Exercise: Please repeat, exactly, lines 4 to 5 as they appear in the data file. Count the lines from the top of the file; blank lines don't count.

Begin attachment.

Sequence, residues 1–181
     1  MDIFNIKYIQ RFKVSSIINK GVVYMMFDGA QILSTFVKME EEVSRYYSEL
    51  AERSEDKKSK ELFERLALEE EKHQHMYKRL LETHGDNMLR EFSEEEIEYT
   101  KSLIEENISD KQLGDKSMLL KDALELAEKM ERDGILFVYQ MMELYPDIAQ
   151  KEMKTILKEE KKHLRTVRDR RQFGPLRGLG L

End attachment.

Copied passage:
   101  KSLIEENISD KQLGDKSMLL KDALELAEKM ERDGILFVYQ MMELYPDIAQ
   151  KEMKTILKEE KKHLRTVRDR RQFGPLRGLG L